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timgunn last won the day on August 29 2020

timgunn had the most liked content!

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About timgunn

  • Birthday 03/15/1962

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    Lancashire, UK
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    Tools, science, food, wine. Making things that "just work".

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  1. On a single burner forge, a small leak is not usually a significant problem. On a double-burner, it may be. The gas leaving the jet at high speed is what causes the air to be entrained. Gas from the leak is relatively slow and effectively non-directional, so doesn't help to induce air itself and just mixes with the air going past. This means that the "air", induced by the gas leaving the jet as intended, is actually a (lean) gas/air mixture and the overall mixture will be richer than that from an otherwise identical, but leak-free, burner. Flame temperature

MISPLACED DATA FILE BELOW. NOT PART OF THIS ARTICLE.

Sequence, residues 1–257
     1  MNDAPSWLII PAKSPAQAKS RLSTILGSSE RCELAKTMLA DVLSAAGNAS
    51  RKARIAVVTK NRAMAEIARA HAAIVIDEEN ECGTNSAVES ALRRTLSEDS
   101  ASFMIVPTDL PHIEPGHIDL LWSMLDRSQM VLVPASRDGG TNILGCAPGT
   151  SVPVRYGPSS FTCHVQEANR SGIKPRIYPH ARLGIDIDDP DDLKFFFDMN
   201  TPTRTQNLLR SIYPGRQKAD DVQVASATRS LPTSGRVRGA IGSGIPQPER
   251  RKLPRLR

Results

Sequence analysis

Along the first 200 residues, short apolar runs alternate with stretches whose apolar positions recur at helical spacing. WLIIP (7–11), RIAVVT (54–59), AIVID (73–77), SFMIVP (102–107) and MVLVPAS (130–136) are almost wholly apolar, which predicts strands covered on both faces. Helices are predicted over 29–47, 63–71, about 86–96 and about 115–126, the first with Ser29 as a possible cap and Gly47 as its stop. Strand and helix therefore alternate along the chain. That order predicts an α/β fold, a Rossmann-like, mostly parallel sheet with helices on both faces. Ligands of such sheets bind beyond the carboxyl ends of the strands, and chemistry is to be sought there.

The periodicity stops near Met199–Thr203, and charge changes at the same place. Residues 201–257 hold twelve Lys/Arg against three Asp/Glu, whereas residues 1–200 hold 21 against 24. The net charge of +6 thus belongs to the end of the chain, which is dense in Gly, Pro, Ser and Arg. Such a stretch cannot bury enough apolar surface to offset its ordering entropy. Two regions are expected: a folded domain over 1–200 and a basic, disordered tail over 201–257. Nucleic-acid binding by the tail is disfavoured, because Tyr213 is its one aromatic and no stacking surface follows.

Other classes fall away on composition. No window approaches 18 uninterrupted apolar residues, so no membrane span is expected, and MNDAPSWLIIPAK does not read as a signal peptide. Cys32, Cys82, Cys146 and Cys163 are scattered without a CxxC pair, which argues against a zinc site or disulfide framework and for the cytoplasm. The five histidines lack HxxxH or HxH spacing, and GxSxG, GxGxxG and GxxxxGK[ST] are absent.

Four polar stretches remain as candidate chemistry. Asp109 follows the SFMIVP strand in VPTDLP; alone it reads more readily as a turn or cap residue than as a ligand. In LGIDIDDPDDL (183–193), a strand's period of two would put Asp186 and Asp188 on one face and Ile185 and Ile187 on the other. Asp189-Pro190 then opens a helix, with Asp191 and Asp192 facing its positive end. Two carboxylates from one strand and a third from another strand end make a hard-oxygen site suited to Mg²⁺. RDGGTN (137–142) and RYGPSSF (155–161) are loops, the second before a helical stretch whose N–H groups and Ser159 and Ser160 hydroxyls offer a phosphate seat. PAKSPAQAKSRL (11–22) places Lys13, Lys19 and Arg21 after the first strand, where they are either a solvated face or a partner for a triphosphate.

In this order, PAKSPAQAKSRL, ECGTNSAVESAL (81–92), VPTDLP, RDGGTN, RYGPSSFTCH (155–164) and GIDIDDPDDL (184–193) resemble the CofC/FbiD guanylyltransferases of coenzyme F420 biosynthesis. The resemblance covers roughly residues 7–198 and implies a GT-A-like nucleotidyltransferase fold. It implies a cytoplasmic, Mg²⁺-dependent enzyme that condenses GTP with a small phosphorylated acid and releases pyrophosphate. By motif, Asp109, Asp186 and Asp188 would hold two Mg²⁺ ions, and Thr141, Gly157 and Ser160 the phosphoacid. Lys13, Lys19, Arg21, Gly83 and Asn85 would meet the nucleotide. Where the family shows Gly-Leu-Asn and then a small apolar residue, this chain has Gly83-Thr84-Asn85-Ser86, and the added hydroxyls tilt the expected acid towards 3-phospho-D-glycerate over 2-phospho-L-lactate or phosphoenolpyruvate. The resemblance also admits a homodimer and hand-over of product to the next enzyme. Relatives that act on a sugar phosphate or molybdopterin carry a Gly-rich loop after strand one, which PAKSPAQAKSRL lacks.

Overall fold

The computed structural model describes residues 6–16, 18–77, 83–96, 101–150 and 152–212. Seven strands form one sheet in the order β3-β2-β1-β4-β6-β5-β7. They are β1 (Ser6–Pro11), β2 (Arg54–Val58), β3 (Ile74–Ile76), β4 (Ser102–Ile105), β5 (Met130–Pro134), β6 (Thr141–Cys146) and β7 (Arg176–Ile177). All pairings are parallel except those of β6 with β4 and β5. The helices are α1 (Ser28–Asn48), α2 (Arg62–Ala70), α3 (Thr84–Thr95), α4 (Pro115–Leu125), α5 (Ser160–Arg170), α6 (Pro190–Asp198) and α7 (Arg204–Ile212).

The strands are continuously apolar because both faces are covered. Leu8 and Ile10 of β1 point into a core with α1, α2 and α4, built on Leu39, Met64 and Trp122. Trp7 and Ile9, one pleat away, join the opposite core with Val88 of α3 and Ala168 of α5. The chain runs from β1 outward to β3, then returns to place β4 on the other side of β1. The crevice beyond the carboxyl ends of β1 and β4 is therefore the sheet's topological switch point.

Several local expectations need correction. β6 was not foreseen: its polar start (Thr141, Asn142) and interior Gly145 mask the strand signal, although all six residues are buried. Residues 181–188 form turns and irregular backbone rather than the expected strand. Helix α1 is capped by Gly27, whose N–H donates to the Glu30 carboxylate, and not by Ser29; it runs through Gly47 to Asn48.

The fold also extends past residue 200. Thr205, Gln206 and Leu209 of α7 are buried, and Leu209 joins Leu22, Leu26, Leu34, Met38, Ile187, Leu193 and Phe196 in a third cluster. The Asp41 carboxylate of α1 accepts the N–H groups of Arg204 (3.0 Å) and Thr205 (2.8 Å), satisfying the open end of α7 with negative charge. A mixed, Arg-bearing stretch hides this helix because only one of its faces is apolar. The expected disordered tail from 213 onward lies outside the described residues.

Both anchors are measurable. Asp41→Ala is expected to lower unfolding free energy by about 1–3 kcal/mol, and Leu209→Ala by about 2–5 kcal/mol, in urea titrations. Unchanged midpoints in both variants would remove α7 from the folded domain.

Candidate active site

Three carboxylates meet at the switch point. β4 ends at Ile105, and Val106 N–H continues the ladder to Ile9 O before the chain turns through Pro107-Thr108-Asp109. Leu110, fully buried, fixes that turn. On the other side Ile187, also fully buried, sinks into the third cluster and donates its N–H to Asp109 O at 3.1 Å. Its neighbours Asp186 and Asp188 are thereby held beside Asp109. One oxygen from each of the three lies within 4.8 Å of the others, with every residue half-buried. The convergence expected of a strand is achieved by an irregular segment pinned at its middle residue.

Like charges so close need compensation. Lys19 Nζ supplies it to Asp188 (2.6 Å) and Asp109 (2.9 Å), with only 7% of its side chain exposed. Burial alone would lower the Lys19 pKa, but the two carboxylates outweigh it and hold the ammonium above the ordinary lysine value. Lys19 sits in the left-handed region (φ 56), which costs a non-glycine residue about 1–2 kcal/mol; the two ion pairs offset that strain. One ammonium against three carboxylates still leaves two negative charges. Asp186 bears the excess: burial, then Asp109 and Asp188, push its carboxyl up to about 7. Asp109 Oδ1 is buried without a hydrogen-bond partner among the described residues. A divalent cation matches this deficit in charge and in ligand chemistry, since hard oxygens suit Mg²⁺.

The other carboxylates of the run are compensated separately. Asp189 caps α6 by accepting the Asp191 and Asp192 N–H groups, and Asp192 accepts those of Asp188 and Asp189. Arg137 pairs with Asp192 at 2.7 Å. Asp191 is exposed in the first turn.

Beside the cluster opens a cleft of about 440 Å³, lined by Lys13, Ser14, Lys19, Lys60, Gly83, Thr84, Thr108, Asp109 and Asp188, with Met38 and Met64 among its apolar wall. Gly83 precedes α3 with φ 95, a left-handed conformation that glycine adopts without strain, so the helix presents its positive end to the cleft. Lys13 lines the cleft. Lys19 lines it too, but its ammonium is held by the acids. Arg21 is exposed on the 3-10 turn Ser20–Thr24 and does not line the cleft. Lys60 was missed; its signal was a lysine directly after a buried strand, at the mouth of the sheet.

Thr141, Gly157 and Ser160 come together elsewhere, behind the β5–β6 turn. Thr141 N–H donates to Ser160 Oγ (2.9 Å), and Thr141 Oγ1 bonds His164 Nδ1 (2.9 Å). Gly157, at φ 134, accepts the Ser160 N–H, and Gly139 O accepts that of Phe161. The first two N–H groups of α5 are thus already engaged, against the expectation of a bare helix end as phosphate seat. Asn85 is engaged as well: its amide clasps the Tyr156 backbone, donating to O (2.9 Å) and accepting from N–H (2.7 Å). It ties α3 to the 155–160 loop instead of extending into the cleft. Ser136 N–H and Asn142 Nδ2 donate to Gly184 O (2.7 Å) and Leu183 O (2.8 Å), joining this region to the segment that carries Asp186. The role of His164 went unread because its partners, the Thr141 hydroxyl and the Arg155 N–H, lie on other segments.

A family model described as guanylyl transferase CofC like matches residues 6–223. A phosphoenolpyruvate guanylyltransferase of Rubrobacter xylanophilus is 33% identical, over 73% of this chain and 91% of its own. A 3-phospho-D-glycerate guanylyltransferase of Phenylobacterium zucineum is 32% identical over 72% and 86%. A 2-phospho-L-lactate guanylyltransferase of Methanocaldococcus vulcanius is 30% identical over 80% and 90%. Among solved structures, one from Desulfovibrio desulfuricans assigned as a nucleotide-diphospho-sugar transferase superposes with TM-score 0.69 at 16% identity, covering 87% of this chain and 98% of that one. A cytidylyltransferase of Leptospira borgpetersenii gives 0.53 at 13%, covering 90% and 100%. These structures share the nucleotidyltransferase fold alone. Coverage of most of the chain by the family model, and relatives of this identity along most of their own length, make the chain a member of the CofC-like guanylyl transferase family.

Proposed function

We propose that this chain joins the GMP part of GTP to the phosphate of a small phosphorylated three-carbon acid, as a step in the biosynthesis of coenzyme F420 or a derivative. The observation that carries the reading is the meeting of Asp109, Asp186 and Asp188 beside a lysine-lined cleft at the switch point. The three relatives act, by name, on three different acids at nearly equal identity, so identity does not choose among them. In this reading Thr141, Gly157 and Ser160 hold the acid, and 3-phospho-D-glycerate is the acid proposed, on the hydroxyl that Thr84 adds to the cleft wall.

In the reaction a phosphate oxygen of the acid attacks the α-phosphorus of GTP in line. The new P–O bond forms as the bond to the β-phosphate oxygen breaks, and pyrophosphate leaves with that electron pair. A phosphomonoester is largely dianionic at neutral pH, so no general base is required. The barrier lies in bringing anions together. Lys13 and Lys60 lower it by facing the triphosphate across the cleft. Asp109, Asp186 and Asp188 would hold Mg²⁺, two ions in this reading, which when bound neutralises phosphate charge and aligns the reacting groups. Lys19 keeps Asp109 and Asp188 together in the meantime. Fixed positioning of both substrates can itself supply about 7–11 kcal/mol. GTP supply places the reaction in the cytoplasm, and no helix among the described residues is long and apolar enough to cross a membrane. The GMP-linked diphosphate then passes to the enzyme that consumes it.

2. When I built my first HT oven, I made an angle-iron frame, put everything together and test-ran it. I was intending to clad the outside in sheet metal, but had no idea how hot it would get until I tested it. The available choices seemed to be plastic-coated steel, Aluminium or Stainless Steel, in increasing order of cost. In the event, I found the surface temperature reached about 135 degC, 275 degF, but that the IFB provided such poor heat transfer to human skin that it seemed safer without a metal cladding. I am aware that knifemakers in general tend to cluster towa